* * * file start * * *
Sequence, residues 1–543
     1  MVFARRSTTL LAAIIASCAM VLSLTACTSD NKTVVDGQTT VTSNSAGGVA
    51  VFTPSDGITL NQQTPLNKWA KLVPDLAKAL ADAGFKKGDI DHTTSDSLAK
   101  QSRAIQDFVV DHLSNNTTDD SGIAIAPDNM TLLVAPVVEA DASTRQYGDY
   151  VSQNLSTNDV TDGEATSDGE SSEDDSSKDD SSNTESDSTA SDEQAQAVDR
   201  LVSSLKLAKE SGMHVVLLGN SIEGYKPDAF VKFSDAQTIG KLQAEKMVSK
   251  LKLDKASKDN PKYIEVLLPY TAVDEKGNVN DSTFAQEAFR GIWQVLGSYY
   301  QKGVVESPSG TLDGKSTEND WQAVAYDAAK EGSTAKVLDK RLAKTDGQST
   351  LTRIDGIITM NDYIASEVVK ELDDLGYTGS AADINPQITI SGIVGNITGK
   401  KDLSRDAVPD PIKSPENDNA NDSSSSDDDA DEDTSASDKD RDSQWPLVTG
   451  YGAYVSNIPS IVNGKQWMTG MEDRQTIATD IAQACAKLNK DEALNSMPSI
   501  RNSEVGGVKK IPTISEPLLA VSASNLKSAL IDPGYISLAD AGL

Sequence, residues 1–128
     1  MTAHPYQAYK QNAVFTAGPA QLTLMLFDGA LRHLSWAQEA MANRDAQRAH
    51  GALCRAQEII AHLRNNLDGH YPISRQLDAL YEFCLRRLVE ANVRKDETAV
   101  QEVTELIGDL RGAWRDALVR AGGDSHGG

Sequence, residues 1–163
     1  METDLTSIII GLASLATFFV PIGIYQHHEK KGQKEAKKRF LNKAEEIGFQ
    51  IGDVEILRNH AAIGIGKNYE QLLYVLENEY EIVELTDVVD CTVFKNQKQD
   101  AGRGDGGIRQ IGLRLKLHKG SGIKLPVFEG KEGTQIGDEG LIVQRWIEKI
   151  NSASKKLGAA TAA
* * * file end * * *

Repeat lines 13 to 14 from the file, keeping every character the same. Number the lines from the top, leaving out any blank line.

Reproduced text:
Sequence, residues 1–128
     1  MTAHPYQAYK QNAVFTAGPA QLTLMLFDGA LRHLSWAQEA MANRDAQRAH